Any habitat altering methods must be employed consistently for 7 to 14 days and monitored closely. Below are common wildlife nuisances and how you can humanely and permanently address them.
Under the Deck, Shed or Other Areas
If you are having problems with animals burrowing under a structure, it is most likely a skunk or a fox. In either case, a couple of methods can be implemented to deter the animal from living in and around your area.
- Ammonia-soaked rags placed in or around the "den" is an inexpensive way. Since ammonia is a liquid, it will evaporate in the warm weather and wash off in a rain storm. It is important that you check the rags daily and refresh the ammonia, as needed.
- Moth balls are also an effective, inexpensive deterrent. They can be thrown or placed around the hole. Rainstorms can wash them away so you might need to sprinkle them around dens multiple times.
In the Chimney
The inside of a chimney resembles a hollowed out tree trunk, which is the perfect habitat for squirrels, raccoons, and birds. DO NOT open the damper to look at or attempt to remove the animal if you hear it crawling in the chimney. This can cause additional issues if the animal is to become loose in your house. They become frightened and can cause damage in their attempt to find an exit. It's best to leave the animals alone. The majority of cases, they can climb out the chimney on their own, though they might need a little encouragement to do so.
- A bowl of ammonia placed in the base of the fireplace is an effective tool to discourage raccoons or squirrels from continuing their stay. The odor of the ammonia is unpleasant and will encourage the animals to move to a less-fragrant dwelling. If the ammonia is bothersome to you, close the doors to the fireplace or use an ammonia-soaked rag, which is less potent than the bowl of ammonia.
- Shine a light up the fireplace. The light diminishes their peaceful habitat. If you apply all methods concurrently, the faster the pests will leave.
- Often during the spring, animals will quickly nest to provide shelter for their babies. If your new tenant has already nested and has a family of babies in the chimney, don’t panic -- they will relocate the family to a less disturbed area. Mothers are not inclined to abandon their young and they are able to move their young when necessary.
- Once you are sure the animal has left your residence, immediately secure a fitted chimney cap to the entrance of the chimney to prevent future problems.
In the Attic
Much like the chimney, the attic provides a safe, comfortable, undisturbed dwelling for animals such as raccoons and squirrels. The first step is to locate the point where the animals are entering. Check all soffets surrounding your home, and look for weaknesses or holes in the roof and the siding that surrounds your attic.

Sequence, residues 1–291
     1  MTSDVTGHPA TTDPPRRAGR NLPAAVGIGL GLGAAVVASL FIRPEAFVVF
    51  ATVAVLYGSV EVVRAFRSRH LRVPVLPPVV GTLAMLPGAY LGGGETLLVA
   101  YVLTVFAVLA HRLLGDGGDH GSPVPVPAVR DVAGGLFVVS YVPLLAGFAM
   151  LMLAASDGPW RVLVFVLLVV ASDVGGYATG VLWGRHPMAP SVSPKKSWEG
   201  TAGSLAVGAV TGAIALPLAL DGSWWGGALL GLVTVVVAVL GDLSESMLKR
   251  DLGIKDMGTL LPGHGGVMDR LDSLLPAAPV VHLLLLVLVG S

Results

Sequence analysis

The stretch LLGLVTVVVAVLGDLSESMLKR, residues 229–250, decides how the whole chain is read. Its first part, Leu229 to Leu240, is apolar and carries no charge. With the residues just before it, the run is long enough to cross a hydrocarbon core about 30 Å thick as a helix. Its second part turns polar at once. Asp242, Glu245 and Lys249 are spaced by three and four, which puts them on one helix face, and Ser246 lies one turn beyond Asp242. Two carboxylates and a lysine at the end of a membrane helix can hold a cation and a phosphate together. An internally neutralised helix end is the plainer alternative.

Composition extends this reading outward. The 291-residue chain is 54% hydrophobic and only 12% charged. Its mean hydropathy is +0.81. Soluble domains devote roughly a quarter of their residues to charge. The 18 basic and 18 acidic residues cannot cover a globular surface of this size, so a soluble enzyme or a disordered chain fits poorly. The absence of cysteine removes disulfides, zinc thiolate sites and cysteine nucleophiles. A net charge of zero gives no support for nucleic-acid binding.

- Ammonia-soaked rags or moth balls in a sock or panty hose placed in the attic will encourage the animals to relocate.
- Shining lights in the attic
- Once the animal is effectively deterred from your home, you will need to repair the entrance point immediately. One-quarter-inch hardware cloth can be used to cover holes or entry points.
In the Garden
Gardens are the number one attractant for all wildlife including raccoons, skunks, bears, deer, squirrels and birds. Gardens provide a wonderful, readily-available food source for nearly every species of wildlife.
- Netting over fruit trees helps protect them from birds, squirrels, deer, and other omnivores.
- Electric fencing surrounding the garden will discourage the animals. Other fencing methods are less effective because they allow the animal to crawl through it or under it.
- The “Scarecrow” is a water sprayer with a motion detection feature. It attaches to a hose in the yard and when it detects movement, it sprays the area, scaring the wildlife away.
Bird deterrents are altered to fit the unique ability that birds have to avoid the usual mammal deterrent. Although birds can provide the same type of nuisance within a house or garden that mammals do, they are not affected by ammonia, moth balls, or the consistent noise from a radio.
- Models of owls, hawks and snakes scare away pigeons temporarily. They must resemble their living counterpart and must be positioned in a manner that is natural for the actual predator. It is helpful to relocate them frequently.
- Mylar tape/streamers, old CDs, balls of aluminum foil, or aluminum soda cans secured to trees, the side of the house, or roosting site reflects light that proves to be an annoyance.
- Balloons filled with helium and have an "eye spot" (black dot) painted on one side (to emphasize movement) can be tied near the roost side.
- Kid's pinwheels may also deter birds.
- Noise making, with firecrackers, wind chimes, or a can of rocks is effective as long as the noise is loud and sudden. Noise repellents must be used frequently to be effective.
These deterrents can be used in and around gardens, the perimeter of property, or in other areas where wildlife is unwanted.
Ingredients: one whole Spanish onion, one jalapeno pepper and 1 tablespoon cayenne pepper
Directions: Chop up the onion and pepper. Mix all ingredients together and boil in 2 quarts of water for about 20 minutes. Let cool, and then strain water through a cheesecloth, into a container.
Using a garden sprayer, spray any area outside that wild animals or even neighborhood pets are bring a nuisance
This mixture is non-toxic and safe, it will not harm the animal but will succeed in keeping mammals away.
Ingredients: 8 oz of any liquid dish soap, 8 oz of castor oil and 1 gallon of water
Directions: Mix the castor oil and soap well then add to the gallon of water and spray entire area.